Which design criteria important in designing a PCT?

Comparison of Treatments Arms -questions to be answered
Baseline-do we need wash-out period?
link hospital data with the GP data

How well can the pre-launch study design provide information on the relative effectiveness of a new medicine 

François Mayer
HAS France 
Assessment model of drugs in (HTA) -
study conducted in France

SMR- service medical rendu 
Drug eligibility reimbursement

Added therapeutic benefit 
5 ASMR levels model
no improvement 
post launch of observational studies

OS results are considered 
not comparable

Reassessment SMR/ASMR
Clinical effectiveness
Quality of life 

Improvement of is quite rare post launch! 
Many cases when results do not confirm what was observed during RCTs!

Real World Evidence in Drug Development

Chris Chinn -Sanofi 

Acceptability of real world evidence
R-D decision anticipate the HTA decision
phase 3 optimise
phase 3b supplement
conditional licensing
conditional access
phase IV

Would we accept the uncertain for a period of time while waiting for the study to complete?

R-D decision
to what extend  generate the study plan generate data for effectiveness?
the concern of pharma/producer of health technology : will the study be accepted by regulators and HTA agencies?

IMI Get real Work Packages
understading the efficacy-effectiveness gap
clinical design barriers
best practices-predictive models
practical feasibility

Questions asked at workshop of Pragmatic Design of Clinical Trials

Get Real deliverables

Raising acceptability

The needs of the payers shape the evidence for market access

Thursday, 11.00- 12.30

How Companies fit all evidence requirements into one development plan

How all evidence requirements (regulators, HTA, payers) fits into one development plan for one product- first talk. So this decides what type of clinical trials we get to see!

Problem is: requirements for regulatory approval- EMA- are different from what HTA bodies (like NICE/ UK or ZIN/ NL) or payers ( like health insurers) want. 

It has happened that HTAs rejected regulatory assessment = no access despite drug is approved.

Marlene Gyldmark/ Roche is speaking how the company attempts to integrate how the generate evidence that fulfils BOTH regulatory AND HTA requirements. 
Personally, I would always assumed that this was done already...? Why would you want to risk to invest so much and then get stuck so late in the process? But then I'm sure there is something I missed- in any case, NOT good for patients either....

Trying to come up with ONE strategy to fulfil differing HTA requirements- referring to the HTA Core Model ® from EUnetHTA- so it is good to see that harmonisation efforts on the HTA side are showing effect! 

Interesting how to combine different types of evidence: clinical trials, real world data and modelling to have an integrated evidence plan. The challenge is integrating three different evidence needs from regulatory, HTA and medical

How will payers react to the future of Drug Development?

Steffen Thirstrup, UK

Health care systems are now the main customers for regulatory and HTA evaluation 

RWD has replaced clinical trials as the main source for evidence about effectiveness (and safety)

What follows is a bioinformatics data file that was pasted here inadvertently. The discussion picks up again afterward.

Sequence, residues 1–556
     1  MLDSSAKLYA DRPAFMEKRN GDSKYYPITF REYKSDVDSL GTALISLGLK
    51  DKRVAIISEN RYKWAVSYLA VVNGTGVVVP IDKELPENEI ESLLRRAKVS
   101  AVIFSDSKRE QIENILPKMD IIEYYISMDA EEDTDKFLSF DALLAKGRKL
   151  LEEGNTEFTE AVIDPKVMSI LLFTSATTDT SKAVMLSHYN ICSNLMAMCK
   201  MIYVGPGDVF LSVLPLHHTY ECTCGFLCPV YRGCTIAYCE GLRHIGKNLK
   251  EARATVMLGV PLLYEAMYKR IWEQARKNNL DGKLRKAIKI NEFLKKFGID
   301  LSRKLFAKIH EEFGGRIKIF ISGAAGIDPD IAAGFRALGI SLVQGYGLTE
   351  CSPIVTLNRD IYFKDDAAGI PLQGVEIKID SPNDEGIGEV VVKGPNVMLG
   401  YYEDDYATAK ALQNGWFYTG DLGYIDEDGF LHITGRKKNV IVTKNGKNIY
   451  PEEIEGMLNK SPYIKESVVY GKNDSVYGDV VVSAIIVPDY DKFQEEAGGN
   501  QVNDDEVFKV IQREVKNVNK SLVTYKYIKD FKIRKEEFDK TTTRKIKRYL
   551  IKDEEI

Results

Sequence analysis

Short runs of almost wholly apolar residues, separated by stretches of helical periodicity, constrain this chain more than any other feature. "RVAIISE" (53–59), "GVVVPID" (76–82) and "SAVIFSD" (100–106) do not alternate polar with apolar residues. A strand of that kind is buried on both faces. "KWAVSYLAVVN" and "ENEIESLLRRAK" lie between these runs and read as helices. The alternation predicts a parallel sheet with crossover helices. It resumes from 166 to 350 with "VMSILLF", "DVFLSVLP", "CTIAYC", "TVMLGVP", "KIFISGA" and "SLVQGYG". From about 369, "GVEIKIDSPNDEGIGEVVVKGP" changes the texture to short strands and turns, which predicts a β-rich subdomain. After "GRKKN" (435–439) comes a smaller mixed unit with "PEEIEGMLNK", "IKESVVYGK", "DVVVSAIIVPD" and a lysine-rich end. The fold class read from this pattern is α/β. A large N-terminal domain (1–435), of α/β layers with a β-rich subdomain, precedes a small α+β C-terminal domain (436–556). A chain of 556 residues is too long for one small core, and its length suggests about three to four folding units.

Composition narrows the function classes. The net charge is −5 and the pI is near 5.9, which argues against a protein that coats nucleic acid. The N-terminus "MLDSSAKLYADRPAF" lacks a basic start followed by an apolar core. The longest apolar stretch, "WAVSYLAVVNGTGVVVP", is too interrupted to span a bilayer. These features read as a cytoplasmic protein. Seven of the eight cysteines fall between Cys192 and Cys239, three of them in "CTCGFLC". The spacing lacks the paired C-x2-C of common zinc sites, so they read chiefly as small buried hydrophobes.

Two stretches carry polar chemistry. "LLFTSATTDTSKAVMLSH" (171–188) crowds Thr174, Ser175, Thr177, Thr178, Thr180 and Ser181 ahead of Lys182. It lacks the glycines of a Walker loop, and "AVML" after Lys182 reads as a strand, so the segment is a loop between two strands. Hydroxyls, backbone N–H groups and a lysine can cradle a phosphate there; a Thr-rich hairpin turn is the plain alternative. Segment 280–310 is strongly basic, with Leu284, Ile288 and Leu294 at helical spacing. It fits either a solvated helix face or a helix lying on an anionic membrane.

problem- regulators and HTA haven't developed methods how to use this RWD for evidence-generation

Development of early HTA advice: 
competition among reimbursement and payer agencies, so where to turn?
Hopefully, EUnetHTA will change some of that!!

SEED Consortium (14 EU HTA agencies, coordinated by HAS)- early dialogue processes- worth looking up


Very nice summary slide on HTA collaboration :-) 

problem remains that health and finances are under national authority.

Interesting suggestion to have conditional reimbursement- something worth thinking about!

How can a joint regulatory-HTA scientific advice process help deliver the right evidence?

Jane Moseley, EMA

Interesting case study from joint advice: large company, small indication, unmet need-

original recommendation was a placebo-controlled study designed.

After multi-stakeholder discussion including EMA, 4 HTA bodies, clinicians, patients and the Pharma let to the adaptation of a different design.

Interview with Jane Moseley on the topic

- Very valid comments
- shared EMA-HTA advice is in patients' interest
- advice needs to happen EARLY to be efficient and guidelines are not sufficient

And yet another case where there is a willingness to alter trial design to a more patient-friendly design: no placebo as the indication was small with high unmet need 'to reduce patient suffering'. 

I can't get my head around that argument- in a large indication with high unmet need (where we can get the data), we insist in placebos. In a small indication with high unmet need (where we can't get the data), we are worried about the patient impact. 
That means that the suffering of a patient with in a small indication is worse than the one of a patient with a large indication. This makes no sense whatsoever!!!! 

Comment in the discussion-

we should not only discuss market entry but also market exit strategies

Wednesday, 6 April 2016

Opening Plenary Session INNovation- do you win by being IN?

Discussion about the Value of Innovation and impact on our society!

1. How global innovation 
will be financially sustained 
for future decades


Mads Krogsgaard Thomson - Novo Nordisk
Sarah Garner- NICE

Mads makes the argument that YES- innovation is a long-lasting process and happens in waves and with newer therapies coming up in richer countries, previous waves spread to less wealthy countries so that over time, global society profits.

Sarah Garner is making a long list of very valid points - I will get her notes as it's too much to listen and type!!

2 .True cost of innovation

Karl Broich- president BfArM
Nicola Bedlington, EPF

Nicola makes the point that innovation has to be sustainable. Meaningful patient engagement requires educational resources for patients! 

3. Use of patient data for innovation, challenges and ethical dilemmas.

Ritva Halila, ministry of social affairs and health, Finland
Kemal Malik, head of innovation, Bayer 

Kemal on the role of patient in clinical development: 
'patient engagement seen as pre-marketing exercise' 
'lack of clear of evidence of patient engagement'
a key future trend will be to show real life outcomes

Regulatory Town Hall meeting

Wednesday, 5th April

A town hall meeting on the topic of the Network Strategy 2020. 


DIA Europe is taking place in Hamburg 6- 8th April 2016 and we have just arrived! 

Violeta and Bettina